Hiring sign

A sign outside Cleary Cleaners on Mast Road in Manchester shows businesses are starting to need more employees.

Put everybody who lives in Nashua, Bedford and Berlin together, and that’s how many people were counted as unemployed in New Hampshire last month.

The number of unemployed — 122,570 — was the highest since the state started keeping records in 1976.

That produced a record unemployment rate of 17.2% in April — more than double March.

More than 101,000 residents were added to the rolls in April alone after government restrictions to help curb the coronavirus pandemic were enacted in mid-March, forcing businesses to shut or sharply cut back.

“It’s a devastating statement on where the New Hampshire economy is right now,” Laconia economist Russ Thibeault said after the figures were released Tuesday.

The record unemployment rate should peak in April or possibly May before “we’re going to see some improvement over the next several months as parts of the economy open up,” said Thibeault, who in March predicted 15% to 20% unemployment.

Employers already are seeing business activity pick up.

Cleary Cleaners, which has 14 locations in New Hampshire, is completing the process of filling five job openings.

“These positions were people who voluntarily due to COVID laid themselves off, for a lack of a better word,” said administration manager Julie Cleary. “Now, we’re picking back up and trying to fill existing positions that we couldn’t get people to come back for.”

Despite record unemployment, she said hiring was “not easy at all.”

In March, Steve Hammes furloughed about half of his 32 workers at One Source Security in Merrimack. “People weren’t letting us in” to install security systems and camera systems, he recalled.

Hammes received a loan from the federal Paycheck Protection Program and was able to recall his entire staff within about three weeks. Only one worker found a job elsewhere in the meantime.

He said he couldn’t have brought back as many people as quickly without the PPP loan, which can be converted into a grant if an employer meets a certain hiring threshold.

“We’re pretty busy as of now,” he said. “By summertime, we’d probably be back to where we were if everything goes well.”

April’s 17.2% non-seasonally adjusted rate beat the state’s previous record unemployment rate of 8.1% set in January 1992 and January 1976.

“Although not-seasonally-adjusted labor force statistics typically should not be used for comparison purposes, they present a more accurate measure of New Hampshire’s employment situation in April due to the coronavirus pandemic,” Employment Security said in its monthly news release.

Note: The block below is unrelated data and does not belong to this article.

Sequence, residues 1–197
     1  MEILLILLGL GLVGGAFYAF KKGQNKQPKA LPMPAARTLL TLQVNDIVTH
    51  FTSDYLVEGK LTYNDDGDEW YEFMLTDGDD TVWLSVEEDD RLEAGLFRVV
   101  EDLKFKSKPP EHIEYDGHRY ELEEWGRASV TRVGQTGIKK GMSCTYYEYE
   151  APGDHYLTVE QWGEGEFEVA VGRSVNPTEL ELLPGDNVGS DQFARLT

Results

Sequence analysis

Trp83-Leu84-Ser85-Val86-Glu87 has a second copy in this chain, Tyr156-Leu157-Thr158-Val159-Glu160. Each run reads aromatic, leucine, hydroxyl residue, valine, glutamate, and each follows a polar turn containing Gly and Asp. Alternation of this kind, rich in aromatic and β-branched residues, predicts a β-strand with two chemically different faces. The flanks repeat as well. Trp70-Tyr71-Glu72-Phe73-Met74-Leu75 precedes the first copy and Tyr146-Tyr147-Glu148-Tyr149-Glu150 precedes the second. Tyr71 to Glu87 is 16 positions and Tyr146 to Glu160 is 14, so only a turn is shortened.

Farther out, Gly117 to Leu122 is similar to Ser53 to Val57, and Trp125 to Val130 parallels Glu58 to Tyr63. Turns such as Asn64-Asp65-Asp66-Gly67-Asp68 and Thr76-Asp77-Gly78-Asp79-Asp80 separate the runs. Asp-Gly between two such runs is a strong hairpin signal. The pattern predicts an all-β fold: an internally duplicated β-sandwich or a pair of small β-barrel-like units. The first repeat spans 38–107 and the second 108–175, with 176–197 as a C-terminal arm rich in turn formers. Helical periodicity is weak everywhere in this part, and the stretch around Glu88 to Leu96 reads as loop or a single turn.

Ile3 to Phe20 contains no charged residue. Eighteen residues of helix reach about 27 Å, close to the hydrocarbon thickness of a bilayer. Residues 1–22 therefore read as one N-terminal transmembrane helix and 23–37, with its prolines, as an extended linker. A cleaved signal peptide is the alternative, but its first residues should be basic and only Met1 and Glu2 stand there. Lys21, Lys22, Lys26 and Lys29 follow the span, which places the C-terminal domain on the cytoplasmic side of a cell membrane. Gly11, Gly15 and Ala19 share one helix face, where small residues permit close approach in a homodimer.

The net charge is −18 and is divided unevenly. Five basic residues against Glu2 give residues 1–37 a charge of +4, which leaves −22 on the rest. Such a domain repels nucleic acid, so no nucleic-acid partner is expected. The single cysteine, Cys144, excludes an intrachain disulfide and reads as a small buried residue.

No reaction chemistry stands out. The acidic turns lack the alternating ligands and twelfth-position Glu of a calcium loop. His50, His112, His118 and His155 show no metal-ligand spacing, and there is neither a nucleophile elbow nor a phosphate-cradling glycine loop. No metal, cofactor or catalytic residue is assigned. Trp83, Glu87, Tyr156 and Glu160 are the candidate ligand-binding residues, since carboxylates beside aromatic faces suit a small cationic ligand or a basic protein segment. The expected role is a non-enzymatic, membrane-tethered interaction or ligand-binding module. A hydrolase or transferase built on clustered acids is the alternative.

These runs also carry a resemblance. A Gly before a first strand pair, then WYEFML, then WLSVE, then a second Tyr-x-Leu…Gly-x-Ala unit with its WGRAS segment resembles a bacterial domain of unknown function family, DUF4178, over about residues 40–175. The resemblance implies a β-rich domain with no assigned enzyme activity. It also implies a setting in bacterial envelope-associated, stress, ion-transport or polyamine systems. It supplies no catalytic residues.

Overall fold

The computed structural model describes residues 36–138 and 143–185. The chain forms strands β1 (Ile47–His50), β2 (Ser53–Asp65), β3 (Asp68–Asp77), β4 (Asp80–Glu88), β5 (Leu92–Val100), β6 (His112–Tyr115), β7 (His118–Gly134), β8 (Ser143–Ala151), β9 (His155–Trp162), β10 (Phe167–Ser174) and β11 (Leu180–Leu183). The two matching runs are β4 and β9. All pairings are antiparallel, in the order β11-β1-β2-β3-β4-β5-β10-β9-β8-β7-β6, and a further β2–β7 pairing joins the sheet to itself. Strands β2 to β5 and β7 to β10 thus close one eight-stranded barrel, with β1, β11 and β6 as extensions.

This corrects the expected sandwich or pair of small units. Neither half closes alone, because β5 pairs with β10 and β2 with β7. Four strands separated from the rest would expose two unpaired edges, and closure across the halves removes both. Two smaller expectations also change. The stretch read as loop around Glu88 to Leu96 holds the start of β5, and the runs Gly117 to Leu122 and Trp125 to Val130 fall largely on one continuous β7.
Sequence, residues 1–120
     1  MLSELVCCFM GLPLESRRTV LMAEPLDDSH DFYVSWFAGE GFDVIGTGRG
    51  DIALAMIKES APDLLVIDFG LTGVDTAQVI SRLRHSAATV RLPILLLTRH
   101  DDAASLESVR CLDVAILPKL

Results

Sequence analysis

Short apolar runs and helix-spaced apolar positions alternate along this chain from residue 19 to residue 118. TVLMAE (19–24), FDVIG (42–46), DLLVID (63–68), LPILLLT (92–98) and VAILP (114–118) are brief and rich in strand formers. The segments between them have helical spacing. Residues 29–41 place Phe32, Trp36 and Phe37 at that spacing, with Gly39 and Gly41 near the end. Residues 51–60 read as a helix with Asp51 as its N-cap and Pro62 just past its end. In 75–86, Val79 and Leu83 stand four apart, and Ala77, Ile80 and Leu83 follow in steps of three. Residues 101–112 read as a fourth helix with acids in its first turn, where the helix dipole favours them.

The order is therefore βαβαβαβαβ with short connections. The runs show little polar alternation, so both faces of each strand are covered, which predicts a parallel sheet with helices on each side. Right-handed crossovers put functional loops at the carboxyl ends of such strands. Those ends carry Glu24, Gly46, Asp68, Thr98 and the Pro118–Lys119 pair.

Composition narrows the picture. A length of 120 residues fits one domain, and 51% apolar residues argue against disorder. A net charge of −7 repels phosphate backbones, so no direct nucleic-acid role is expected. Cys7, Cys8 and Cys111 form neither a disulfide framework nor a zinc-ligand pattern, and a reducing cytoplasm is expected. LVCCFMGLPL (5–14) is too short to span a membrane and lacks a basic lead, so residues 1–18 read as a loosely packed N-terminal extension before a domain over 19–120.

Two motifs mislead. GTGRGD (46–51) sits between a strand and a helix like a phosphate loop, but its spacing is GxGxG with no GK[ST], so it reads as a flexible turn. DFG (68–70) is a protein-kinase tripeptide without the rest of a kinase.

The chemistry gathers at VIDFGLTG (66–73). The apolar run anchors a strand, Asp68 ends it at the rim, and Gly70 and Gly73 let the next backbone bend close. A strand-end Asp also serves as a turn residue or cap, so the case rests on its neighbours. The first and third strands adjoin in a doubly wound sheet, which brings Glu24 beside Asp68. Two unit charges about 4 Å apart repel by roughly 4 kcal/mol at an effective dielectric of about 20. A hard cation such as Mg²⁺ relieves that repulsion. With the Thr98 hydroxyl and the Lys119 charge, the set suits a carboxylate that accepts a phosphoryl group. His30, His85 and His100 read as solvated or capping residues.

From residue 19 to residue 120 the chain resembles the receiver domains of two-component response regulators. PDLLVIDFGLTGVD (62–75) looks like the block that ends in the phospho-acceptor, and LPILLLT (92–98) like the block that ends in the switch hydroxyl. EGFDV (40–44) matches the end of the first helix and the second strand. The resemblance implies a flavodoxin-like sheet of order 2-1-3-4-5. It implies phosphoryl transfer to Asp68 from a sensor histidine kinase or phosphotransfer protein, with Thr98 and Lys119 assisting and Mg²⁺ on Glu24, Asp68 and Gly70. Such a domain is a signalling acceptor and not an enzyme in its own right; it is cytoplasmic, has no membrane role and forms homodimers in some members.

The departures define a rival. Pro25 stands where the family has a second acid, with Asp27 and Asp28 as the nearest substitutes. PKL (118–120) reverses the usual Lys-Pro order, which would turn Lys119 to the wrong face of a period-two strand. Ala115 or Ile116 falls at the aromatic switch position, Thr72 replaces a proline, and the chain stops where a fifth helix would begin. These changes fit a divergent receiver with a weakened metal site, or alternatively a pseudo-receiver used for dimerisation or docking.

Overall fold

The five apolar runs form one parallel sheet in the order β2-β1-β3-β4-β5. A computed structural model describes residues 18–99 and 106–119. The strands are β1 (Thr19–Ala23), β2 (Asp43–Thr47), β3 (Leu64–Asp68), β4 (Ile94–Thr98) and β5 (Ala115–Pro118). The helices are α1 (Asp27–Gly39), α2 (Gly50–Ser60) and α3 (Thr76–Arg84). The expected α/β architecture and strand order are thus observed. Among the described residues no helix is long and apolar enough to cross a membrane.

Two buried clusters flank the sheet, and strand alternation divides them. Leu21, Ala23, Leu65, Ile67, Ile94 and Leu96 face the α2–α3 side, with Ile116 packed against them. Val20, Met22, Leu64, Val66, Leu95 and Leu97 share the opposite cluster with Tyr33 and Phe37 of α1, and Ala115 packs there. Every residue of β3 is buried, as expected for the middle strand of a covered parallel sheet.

The unadjusted unemployment rate of 17.2% in April compared to 2.8% in March and 2.5% in April 2019.

Seasonal adjustment is a statistical technique used to remove the influence of predictable seasonal employment patterns, such as summer hiring.

Using seasonally adjusted figures, April’s unemployment rate stood at 16.3% compared to March’s rate, which decreased to 2.4% after revision.

April saw 152,150 fewer residents employed than in March. The 590,980 employed residents in April marked the lowest since May 1994.

The total labor force decreased by 50,660 to 713,550.

Workers in the leisure and hospitality sector were hit hardest, with 40,600 fewer people working in that field in April than in March. Of those, 29,100 came from dining and drinking establishments, according to fresh numbers released by Employment Security.

What’s Working, a series exploring solutions for New Hampshire’s workforce needs, is sponsored by the New Hampshire Solutions Journalism Lab at the Nackey S. Loeb School of Communications and is funded by Eversource, the New Hampshire Charitable Foundation, Dartmouth-Hitchcock Medical Center, the New Hampshire College & University Council, Northeast Delta Dental and the New Hampshire Coalition for Business and Education.

Contact reporter Michael Cousineau at mcousineau@unionleader.com. To read stories in the series, visit unionleader.com/whatsworking.

Saturday, August 01, 2020
Tuesday, July 28, 2020
Sunday, July 26, 2020